Advertising Your Small Business

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If you own a small business, please consider selling your scrap metal! Whenever you discard scrap metal, you are losing money! To learn how to identify scrap metal, see Scrap Metal Identification.  To learn how to scrap metal to make an extra 500 a week, check out How To Scrap Metal.This post will help you expand your business throw advertising. Before reading this, check out my last post on Expanding Your Scrap Business during the winter. 



Everyone and their mother has an ad up on craigslist for their small business… But do you advertise anywhere else? Advertising, when done correctly, can be a cheap and effective way to draw in customers.
There are so many places and ways to advertise your business. When you talk to a potential customer, they will be much more receptive to what you are saying if they feel as though they know you. This is true for any business, and, admittedly, it is not rocket science. Make your name more common, and you will get more business. 
Ways you can advertise your business:
  • Webpages 
    • Webpages that represent your business are necessary to make your service visible to your customers. When somebody searches for a scrap service, they will undoubtably “google” your name. 
    • To make your own free website, visit http://www.weebly.com or a similar website. 
    • Things to include: contact information, outside references, recent promotions and referrals.
    • Be sure to spell correctly and use proper grammar, or you will be disregarded by customers.  
  • Business Cards
    • I keep several business cards in my wallet and a whole stack in my truck. If I see somebody who needs scrap service, I usually hand them a card and a coupon and I say some nice words. Business cards make your business more professional and respectable, as well as install a sense of trust in the customer.  
  • Google Places
    • I recently added my scrap hauling places to Google Places, a wonderful free classified ad resource from those geniuses over at Google.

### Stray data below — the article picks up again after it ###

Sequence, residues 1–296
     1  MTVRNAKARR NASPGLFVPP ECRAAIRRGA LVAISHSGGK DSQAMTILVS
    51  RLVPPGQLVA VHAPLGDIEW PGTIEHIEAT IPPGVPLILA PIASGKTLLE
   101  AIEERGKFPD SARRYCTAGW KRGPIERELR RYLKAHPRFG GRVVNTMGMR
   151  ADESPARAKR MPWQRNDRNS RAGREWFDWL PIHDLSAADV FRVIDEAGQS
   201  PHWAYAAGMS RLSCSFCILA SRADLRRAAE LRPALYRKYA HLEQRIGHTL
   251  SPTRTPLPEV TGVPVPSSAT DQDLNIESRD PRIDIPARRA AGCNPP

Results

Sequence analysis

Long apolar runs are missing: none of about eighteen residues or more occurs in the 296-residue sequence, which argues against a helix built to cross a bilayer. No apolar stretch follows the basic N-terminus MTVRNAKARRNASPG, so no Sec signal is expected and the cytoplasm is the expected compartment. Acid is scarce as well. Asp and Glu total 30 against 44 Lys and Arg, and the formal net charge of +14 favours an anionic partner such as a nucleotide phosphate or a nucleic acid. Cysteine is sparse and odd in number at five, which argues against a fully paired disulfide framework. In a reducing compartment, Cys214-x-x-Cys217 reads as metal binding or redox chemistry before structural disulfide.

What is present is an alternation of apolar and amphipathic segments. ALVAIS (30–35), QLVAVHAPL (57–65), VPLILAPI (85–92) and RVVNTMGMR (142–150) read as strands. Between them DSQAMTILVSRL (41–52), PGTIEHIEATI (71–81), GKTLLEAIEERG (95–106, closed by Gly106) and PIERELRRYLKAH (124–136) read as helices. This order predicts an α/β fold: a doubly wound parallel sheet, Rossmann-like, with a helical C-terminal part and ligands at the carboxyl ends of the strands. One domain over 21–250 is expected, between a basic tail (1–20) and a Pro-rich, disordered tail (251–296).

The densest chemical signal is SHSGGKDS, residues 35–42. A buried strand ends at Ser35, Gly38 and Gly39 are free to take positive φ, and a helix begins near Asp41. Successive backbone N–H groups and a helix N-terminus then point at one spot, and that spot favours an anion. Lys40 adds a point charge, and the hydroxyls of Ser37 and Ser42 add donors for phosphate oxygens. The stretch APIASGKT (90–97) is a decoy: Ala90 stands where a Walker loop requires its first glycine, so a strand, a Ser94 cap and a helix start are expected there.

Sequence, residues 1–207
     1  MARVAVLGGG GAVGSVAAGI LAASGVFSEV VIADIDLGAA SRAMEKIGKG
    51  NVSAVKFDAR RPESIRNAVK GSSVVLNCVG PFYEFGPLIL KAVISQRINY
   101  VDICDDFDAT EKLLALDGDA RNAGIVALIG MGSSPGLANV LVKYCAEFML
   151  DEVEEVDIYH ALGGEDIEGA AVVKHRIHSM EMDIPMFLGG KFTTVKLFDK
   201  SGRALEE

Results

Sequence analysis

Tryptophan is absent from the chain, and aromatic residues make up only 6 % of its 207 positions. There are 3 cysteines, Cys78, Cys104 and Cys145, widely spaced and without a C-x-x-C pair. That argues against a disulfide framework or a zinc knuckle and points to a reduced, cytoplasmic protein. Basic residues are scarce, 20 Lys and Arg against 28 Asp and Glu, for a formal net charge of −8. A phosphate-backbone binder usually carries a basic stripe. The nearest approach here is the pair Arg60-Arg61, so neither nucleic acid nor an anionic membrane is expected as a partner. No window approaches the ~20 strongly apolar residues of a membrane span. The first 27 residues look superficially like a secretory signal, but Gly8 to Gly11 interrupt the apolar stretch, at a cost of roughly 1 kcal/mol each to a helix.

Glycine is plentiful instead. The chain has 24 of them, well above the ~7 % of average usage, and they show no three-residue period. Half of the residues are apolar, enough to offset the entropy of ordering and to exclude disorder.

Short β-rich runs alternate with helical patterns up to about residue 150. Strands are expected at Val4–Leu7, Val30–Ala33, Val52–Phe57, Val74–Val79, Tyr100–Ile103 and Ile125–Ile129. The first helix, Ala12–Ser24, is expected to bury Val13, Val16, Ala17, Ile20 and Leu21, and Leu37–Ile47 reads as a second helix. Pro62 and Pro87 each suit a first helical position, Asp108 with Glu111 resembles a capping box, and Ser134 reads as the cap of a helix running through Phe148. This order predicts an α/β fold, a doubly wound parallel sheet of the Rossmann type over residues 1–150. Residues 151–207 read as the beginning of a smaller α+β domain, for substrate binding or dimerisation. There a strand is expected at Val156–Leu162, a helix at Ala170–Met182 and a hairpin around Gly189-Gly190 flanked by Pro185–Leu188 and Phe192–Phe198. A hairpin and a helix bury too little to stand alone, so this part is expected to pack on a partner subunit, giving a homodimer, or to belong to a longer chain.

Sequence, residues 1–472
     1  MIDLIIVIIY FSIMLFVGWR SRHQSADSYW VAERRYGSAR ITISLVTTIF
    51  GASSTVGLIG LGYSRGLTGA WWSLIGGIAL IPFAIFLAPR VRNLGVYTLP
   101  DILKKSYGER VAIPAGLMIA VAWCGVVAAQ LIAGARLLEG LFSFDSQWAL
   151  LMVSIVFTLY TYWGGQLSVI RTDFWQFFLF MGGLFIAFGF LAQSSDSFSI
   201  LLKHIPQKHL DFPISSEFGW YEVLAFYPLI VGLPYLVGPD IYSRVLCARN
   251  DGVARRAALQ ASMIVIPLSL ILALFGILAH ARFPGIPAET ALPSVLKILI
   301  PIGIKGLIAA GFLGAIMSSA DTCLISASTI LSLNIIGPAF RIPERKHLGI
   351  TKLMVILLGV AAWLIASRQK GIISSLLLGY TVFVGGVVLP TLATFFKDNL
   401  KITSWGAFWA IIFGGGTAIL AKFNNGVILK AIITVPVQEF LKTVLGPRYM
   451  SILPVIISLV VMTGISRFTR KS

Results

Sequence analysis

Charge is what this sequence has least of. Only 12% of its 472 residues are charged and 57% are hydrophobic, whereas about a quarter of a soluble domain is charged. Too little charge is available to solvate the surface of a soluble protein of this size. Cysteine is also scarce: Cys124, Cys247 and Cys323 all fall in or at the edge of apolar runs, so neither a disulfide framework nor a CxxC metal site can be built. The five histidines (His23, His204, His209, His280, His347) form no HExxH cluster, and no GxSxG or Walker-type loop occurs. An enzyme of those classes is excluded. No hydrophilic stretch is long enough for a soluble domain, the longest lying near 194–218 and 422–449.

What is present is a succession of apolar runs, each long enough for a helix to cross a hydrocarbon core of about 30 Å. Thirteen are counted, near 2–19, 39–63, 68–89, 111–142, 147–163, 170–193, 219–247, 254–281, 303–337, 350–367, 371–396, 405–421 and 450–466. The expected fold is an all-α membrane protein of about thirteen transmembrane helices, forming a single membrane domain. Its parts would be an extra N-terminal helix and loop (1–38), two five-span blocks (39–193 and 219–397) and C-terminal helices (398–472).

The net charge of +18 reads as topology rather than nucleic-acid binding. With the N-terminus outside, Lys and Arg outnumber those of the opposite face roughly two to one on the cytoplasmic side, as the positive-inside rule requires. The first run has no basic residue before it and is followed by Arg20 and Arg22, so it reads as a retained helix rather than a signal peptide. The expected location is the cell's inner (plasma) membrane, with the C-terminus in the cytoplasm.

• Church papers
    • I have added my ad to a few of church’s in the area surrounding my shop. The appeal of these ads to customers over the others mentioned is surprising. And on top of advertising your business, this offers the opportunity of contributing to a churches funds.
  • Public Bulletin Boards/Fliers
    • Not much to explain here, just be sure to not put your fliers up somewhere that will get you into trouble. I once put my fliers up in a municipal office while I was pulling a demolition permit. The next day I had a message in my voicemail from a very perturbed clerk. 
  • Swap Advertising
    • When you come into contact with a contractor or another small business, ask to exchange advertising. When I write up quotes for large jobs (which happens often enough) I include the cards or promotions of a few of my buddies and other businesses, who in return do the same for me in their proposals. 
  • Canvasing Neighborhoods
    • Be sure you are aware of local laws, as I think some have regulations as to when, how and if you can cavas a neighborhood. 
  • Craigslist
    • Self explanatory. Although, now you will be able to include a link to your website and most recent “promotion.”
  • Hardware Stores
    • Many hardware stores have some type of billboard where you can post your business card or fliers; especially the smaller family owned ones. 
  • Local Classifieds
    • This can be too expensive to run often. But right around spring cleaning time, these ads can work miracles. 
  • Coupons and Promotions
    • Everybody loves a deal. However your business model is set up, find a way to offer “coupons” or “promotions” and people will take advantage of them. Heck, most of the scrap yards I go to run promotions and raffles for people to win. This stuff really works. 
  • Yard Signs
    • Pick up some simple signs that bare your company name and phone number. You can possibly include a little info on a promotion or something of that nature. 
  • Word of Mouth
    • Simply talking to people about your business and giving them a little info never hurt anything. Before you finish a job, be sure to encourage the customer, if they liked your service, to refer you to their friends. 

Remember, your business is an extension of you. Your product (or in the case of scrap metal removal, your service) needs to become part of who you are if you want to become successful. This type of business sense will keep you on the top of your game, and keep other people wondering how you have done so well!

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